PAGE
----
We introduce two appearance-based methods for clustering a set of images of 3-D objects, acquired under varying illumination conditions, into disjoint subsets corresponding to individual objects. The first algorithm is based on the concept of illumination cones. According to the theory, the clustering problem is equivalent to finding convex polyhedral cones in the high-dimensional image space. To efficiently determine the conic structures hidden in the image data, we introduce the concept of conic affinity which measures the likelihood of a pair of images belonging to the same underlying polyhedral cone. For the second method, we introduce another affinity measure based on image gradient comparisons. The algorithm operates directly on the image gradients by comparing the magnitudes and orientations of the image gradient at each pixel. Both methods have clear geometric motivations, and they operate directly on the images without the need for feature extraction or computation of pixel statistics. We demonstrate experimentally that both algorithms are surprisingly effective in clustering images acquired under varying illumination conditions with two large, well-known image data sets.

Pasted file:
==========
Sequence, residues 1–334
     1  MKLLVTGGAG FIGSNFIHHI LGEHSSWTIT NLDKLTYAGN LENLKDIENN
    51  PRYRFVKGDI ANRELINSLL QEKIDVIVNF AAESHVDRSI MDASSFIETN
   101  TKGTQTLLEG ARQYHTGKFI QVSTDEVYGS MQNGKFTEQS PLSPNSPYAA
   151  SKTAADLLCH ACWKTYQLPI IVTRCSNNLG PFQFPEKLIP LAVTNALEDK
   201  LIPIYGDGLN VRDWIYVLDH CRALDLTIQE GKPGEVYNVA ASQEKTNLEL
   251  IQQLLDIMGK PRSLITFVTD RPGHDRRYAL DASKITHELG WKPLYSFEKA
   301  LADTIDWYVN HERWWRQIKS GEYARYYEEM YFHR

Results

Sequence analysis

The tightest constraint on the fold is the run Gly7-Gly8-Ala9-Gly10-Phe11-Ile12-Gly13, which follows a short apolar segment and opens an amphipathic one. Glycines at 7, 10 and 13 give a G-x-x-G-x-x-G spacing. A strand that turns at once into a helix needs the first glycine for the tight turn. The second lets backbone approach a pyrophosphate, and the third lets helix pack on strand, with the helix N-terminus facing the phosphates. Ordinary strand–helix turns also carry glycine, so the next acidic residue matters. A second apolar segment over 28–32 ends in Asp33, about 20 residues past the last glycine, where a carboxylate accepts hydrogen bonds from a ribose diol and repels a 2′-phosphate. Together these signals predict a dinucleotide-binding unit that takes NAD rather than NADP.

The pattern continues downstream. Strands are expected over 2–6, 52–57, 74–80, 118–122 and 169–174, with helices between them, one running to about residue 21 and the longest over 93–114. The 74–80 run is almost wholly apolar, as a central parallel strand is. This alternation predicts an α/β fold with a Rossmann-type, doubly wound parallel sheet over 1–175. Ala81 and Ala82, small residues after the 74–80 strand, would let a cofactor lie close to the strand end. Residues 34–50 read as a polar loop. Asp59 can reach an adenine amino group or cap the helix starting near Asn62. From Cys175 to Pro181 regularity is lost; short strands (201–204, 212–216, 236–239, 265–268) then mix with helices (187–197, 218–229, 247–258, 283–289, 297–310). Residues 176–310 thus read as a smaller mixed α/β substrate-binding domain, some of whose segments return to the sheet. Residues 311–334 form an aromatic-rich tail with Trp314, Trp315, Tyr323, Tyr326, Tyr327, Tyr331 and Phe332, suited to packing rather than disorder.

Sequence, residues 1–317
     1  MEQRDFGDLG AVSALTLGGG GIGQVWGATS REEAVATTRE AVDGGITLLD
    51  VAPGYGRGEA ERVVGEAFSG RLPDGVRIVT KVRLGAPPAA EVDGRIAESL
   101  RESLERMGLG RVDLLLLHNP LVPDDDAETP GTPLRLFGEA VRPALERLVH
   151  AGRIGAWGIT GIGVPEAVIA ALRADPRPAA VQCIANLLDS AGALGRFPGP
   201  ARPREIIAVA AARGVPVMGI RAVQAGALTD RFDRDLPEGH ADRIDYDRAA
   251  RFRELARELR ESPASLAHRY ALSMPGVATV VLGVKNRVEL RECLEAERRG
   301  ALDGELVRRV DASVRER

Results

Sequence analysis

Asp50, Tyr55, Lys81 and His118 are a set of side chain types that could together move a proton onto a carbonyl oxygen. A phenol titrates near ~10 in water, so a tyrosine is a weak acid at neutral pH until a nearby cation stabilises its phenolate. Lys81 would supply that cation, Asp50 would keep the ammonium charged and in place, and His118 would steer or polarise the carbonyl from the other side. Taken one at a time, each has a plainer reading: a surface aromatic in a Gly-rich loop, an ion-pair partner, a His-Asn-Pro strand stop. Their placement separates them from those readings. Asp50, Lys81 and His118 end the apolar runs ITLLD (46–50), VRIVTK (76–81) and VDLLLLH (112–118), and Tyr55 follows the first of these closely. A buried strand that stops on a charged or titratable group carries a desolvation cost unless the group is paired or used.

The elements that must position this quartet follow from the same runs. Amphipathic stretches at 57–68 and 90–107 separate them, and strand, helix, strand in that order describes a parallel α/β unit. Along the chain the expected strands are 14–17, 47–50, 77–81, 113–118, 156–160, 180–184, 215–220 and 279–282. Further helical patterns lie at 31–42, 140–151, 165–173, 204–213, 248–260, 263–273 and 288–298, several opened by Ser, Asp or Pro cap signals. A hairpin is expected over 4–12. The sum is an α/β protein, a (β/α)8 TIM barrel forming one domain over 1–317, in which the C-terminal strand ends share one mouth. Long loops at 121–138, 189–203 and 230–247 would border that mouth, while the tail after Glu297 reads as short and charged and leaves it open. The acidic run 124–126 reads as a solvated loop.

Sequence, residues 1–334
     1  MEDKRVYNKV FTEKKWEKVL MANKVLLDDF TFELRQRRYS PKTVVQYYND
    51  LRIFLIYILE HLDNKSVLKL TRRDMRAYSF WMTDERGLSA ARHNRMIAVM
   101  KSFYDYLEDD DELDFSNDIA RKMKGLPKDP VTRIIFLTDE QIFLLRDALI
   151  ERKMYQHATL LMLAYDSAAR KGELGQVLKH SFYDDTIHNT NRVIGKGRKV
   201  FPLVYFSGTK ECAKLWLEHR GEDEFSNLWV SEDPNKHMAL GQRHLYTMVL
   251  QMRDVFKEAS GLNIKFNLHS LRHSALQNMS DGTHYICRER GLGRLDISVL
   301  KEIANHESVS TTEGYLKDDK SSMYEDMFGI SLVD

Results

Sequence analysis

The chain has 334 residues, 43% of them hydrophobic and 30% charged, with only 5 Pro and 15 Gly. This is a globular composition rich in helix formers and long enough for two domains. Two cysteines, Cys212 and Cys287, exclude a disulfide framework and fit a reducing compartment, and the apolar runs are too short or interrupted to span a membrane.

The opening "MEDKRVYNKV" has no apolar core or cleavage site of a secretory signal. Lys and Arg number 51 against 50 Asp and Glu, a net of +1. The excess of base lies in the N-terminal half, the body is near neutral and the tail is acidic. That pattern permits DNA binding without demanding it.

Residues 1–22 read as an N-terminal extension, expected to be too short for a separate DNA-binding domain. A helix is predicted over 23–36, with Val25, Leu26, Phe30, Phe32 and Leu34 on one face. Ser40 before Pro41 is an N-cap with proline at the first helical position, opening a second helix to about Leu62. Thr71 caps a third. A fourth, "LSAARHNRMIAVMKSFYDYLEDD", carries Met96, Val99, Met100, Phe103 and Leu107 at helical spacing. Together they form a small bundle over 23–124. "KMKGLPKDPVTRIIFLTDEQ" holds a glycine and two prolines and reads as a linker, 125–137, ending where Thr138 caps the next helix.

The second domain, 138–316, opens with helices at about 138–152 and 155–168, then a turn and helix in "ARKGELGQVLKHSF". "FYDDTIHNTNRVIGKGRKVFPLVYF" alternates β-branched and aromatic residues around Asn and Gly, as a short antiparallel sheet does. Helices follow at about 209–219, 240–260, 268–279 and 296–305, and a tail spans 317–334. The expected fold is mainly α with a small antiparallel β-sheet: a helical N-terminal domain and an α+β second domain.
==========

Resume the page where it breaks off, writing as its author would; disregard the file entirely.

|Journal||Proceedings of the IEEE Computer Society Conference on Computer Vision and Pattern Recognition|
|Publication status||Published - 2003 Sep 1|
|Event||2003 IEEE Computer Society Conference on Computer Vision and Pattern Recognition - Madison, WI, United States|
Duration: 2003 Jun 18 → 2003 Jun 20
All Science Journal Classification (ASJC) codes
- Computer Vision and Pattern Recognition